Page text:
Finally, when the soldiers weren’t paying attention, she grabbed her son and ran into the nearby hills. After hiding for two days, her brother gave her enough money — about $38 — to pay smugglers to get her and her son into Bangladesh.
When Bangladeshi border guards stopped them, she began to weep.
“I told them I have no one to protect me there,” she says, and told them: “‘Look at my baby! He will die if I go back there.'” After that, they let her pass.
Much of Rakhine has been closed to outsiders, including journalists, since the violence began. However, former U.N. Secretary General Kofi Annan, leader of a commission formed to investigate the situation in Rakhine state, was allowed to visit in recent days. He is expected to hold a press conference Tuesday in Yangon, Myanmar’s biggest city.
Along the banks of the Naf River, which marks the border between Bangladesh and Myanmar, it’s not difficult to find people who can talk about what is happening.
Some 15,000 Rohingya have arrived in Bangladesh over past month, often brought in by smugglers, according to police and intelligence officials, speaking on condition of anonymity because the government refuses to release numbers publicly. They have joined up to 500,000 undocumented Rohingya who have been living in Bangladesh after arriving from Myanmar in waves since the 1970s. Some 33,000 registered Rohingya refugees live the Cox’s Bazar district. Bangladesh does not welcome Rohingya — its maritime patrols sometimes turn back refugee boats full of them — but it is seen as a haven compared to Myanmar.
The U.N. says up 30,000 Rohingya Muslims have abandoned their homes amid the recent violence. Satellite images analyzed by the rights group Human Rights Watch show 1,250 structures destroyed in November in Rohingya villages.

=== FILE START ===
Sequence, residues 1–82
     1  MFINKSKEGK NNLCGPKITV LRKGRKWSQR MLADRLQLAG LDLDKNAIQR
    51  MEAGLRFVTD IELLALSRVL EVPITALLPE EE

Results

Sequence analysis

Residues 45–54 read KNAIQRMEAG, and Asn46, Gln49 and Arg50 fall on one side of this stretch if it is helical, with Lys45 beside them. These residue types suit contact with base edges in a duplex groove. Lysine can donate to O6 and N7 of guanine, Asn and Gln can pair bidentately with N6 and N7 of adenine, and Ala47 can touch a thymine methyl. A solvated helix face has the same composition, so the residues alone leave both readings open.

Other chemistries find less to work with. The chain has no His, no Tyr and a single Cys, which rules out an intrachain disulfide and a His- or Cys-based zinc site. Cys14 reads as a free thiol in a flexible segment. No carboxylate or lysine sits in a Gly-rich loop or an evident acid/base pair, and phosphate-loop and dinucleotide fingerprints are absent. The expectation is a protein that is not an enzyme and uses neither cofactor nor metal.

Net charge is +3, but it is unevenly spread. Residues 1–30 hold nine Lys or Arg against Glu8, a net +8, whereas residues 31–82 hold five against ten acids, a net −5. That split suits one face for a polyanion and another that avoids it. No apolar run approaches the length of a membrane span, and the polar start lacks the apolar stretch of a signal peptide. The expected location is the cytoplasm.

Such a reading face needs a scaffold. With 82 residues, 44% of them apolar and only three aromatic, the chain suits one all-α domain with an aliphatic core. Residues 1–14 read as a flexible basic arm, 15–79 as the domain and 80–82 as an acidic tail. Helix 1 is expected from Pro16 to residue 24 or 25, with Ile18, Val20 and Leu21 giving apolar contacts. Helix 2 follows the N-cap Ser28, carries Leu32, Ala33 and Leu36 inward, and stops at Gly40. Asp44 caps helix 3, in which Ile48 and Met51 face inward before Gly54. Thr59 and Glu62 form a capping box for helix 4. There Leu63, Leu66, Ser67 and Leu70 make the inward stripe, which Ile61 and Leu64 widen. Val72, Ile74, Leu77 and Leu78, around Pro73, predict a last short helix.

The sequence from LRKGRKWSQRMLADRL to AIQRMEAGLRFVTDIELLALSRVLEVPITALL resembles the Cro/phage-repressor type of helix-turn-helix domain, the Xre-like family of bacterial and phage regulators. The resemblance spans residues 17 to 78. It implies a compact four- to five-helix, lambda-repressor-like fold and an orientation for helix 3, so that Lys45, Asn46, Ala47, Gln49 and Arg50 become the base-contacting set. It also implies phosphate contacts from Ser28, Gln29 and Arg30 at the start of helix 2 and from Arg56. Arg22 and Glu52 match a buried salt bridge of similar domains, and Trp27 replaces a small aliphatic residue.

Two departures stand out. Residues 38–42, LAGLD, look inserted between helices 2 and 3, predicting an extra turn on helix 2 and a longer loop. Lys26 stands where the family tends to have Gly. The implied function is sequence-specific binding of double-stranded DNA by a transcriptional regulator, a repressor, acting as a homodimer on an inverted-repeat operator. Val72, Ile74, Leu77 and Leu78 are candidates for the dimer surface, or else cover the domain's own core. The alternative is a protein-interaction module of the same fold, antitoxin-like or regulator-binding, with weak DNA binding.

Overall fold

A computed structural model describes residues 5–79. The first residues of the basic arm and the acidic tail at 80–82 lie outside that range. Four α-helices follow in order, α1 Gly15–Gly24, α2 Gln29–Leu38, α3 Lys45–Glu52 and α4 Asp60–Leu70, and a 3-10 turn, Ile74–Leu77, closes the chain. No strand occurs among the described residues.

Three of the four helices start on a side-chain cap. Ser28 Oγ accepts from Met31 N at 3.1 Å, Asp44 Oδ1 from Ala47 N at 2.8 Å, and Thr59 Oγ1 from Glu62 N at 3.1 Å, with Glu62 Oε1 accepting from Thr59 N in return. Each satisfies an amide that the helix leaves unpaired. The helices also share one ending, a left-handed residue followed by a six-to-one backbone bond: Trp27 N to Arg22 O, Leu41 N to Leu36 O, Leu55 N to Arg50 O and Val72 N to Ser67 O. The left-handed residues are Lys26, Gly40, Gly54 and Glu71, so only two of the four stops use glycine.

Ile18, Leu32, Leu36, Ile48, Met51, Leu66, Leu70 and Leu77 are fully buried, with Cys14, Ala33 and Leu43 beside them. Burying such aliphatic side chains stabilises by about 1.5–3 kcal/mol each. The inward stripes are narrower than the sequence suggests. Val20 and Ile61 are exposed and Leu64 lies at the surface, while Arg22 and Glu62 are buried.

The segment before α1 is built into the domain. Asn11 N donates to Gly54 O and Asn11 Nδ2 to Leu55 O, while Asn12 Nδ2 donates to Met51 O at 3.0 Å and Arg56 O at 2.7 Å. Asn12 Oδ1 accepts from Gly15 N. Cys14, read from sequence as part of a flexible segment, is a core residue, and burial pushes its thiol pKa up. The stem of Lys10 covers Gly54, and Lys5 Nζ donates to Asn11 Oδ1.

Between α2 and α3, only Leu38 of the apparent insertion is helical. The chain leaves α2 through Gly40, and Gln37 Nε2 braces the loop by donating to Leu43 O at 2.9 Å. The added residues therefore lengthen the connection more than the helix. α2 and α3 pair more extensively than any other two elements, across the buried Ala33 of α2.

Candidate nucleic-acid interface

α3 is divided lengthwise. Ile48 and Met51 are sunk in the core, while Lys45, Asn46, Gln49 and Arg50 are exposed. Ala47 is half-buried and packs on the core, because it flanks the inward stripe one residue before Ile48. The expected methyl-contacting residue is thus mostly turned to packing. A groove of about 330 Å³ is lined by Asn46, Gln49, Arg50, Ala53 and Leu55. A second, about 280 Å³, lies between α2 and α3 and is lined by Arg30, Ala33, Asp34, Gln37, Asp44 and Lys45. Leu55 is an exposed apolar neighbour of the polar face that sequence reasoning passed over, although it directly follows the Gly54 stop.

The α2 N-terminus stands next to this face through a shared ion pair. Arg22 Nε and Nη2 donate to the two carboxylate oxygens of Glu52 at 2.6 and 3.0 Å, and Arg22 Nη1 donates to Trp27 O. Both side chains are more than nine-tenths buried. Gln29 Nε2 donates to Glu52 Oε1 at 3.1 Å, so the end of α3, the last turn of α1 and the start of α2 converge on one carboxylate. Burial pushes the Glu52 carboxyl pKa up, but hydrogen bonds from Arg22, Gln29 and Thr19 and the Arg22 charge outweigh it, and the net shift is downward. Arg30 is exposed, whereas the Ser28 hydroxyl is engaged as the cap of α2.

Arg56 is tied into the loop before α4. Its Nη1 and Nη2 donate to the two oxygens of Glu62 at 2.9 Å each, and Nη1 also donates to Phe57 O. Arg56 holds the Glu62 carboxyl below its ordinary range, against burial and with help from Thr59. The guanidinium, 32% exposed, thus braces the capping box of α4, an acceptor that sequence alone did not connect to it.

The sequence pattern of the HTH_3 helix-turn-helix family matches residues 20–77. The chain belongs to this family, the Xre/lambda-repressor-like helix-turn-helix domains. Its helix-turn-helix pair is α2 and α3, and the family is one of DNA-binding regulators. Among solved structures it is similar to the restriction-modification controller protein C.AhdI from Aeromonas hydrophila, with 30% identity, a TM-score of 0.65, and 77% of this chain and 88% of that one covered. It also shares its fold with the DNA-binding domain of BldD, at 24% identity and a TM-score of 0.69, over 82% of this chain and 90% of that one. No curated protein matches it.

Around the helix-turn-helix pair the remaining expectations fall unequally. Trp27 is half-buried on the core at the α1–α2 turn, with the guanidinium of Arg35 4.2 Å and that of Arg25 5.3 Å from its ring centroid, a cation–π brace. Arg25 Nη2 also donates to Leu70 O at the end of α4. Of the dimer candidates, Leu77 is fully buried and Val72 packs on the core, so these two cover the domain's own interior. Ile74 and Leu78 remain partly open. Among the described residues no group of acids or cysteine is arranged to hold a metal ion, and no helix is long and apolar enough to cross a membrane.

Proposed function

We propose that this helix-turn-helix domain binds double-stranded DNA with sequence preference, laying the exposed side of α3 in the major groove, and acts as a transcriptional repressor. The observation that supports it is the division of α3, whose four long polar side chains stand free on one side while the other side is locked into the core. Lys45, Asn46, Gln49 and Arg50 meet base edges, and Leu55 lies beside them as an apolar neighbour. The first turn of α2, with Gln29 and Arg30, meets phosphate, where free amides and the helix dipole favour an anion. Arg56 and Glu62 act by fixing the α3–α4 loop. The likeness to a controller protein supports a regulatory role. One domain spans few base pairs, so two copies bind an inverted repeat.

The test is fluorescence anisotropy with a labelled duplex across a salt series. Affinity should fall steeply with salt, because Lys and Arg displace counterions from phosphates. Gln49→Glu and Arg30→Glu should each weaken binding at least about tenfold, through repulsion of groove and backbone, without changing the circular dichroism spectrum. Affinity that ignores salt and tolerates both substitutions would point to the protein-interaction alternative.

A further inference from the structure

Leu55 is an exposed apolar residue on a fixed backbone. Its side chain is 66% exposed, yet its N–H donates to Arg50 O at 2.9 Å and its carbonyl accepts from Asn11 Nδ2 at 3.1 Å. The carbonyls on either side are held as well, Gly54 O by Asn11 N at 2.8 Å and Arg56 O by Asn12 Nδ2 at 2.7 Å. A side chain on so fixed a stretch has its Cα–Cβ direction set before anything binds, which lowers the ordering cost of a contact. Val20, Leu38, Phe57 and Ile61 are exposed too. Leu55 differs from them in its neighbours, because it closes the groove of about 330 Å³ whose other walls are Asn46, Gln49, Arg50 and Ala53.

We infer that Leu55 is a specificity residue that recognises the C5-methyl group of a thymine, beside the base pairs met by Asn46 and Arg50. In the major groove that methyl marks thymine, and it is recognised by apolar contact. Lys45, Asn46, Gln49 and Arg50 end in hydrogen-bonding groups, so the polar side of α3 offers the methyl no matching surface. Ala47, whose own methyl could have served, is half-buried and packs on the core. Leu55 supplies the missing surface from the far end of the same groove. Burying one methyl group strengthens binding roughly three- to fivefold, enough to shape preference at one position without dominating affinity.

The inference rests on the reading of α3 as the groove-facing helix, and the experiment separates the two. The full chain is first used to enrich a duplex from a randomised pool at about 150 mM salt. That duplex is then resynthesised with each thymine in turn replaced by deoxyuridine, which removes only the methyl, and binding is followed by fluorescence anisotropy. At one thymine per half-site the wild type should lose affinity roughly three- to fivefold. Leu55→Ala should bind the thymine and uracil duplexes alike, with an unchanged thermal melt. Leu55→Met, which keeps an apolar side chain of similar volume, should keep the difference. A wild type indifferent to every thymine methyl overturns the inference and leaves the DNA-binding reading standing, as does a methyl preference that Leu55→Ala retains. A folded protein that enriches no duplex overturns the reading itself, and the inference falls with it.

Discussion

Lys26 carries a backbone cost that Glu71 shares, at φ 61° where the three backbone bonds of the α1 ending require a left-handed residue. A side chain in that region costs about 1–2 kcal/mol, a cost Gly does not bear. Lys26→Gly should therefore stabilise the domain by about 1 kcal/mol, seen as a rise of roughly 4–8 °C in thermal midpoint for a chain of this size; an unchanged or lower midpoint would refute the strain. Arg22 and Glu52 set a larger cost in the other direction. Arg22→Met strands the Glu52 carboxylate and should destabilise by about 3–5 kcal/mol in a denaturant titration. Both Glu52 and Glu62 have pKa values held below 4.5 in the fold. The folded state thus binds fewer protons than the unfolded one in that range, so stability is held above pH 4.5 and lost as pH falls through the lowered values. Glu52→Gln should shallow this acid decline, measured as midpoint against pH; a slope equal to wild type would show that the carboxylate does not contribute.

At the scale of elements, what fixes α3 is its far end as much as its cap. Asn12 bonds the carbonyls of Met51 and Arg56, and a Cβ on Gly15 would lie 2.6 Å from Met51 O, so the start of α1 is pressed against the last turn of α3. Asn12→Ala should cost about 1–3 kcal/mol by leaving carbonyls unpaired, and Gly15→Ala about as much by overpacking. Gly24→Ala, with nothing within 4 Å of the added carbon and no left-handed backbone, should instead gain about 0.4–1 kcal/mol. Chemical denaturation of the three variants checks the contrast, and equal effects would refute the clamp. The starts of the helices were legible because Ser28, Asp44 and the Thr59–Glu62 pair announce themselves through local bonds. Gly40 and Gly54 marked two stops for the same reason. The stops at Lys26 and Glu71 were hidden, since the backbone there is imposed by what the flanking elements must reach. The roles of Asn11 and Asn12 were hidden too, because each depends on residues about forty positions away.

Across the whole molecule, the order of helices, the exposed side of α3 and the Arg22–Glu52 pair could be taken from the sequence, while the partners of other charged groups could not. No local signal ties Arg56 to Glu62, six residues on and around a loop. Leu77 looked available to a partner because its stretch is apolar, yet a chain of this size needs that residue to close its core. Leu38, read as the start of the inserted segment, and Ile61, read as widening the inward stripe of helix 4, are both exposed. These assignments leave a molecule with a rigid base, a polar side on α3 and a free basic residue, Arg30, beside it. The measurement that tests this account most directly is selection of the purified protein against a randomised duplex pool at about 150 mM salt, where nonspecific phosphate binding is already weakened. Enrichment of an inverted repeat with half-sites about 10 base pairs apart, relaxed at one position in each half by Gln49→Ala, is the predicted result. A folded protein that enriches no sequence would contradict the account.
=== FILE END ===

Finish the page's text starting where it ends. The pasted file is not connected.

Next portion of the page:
Osman Gani, a thin, fast-talking Arabic teacher, fled after his village, Gouzo Bil, was attacked Nov. 11.
“They came and killed mercilessly. They burned our homes,” says Gani, standing near the Naf River over the weekend. “No one was there to save us.”
He hid with his family for about a week near the village. But when searches intensified, and with soldiers targeting men, he was forced to leave Myanmar without his family.
“I had no other choice but to leave them behind. I came to the bank of the river and started swimming,” he says. His family was able to join him in Bangladesh a few days later.
As he fled north, he used his mobile phone to film destruction in other Rohingya villages he passed through. In some, the blackened remains of what appear to be children can be seen amid the wreckage of homes. Gani’s voice can be heard in some of the videos but The Associated Press could not confirm their authenticity.
“I have shot videos!” he says, holding out his mobile phone to a reporter. “Don’t you see the charred bodies?”
While he was initially in hiding after the attack, Osmani said he also managed to slip back into his village and film what remained of his home.
As he walks through the village, a child can be heard talking to him.
“Where are you coming from?” the boy asks.
Gani doesn’t answer, instead asking, “Where’s my cow?”
Then he pans through the ashes and broken concrete. “This is my land, my home,” he says. “This is Puitta’s. This is Uncle Yunus.”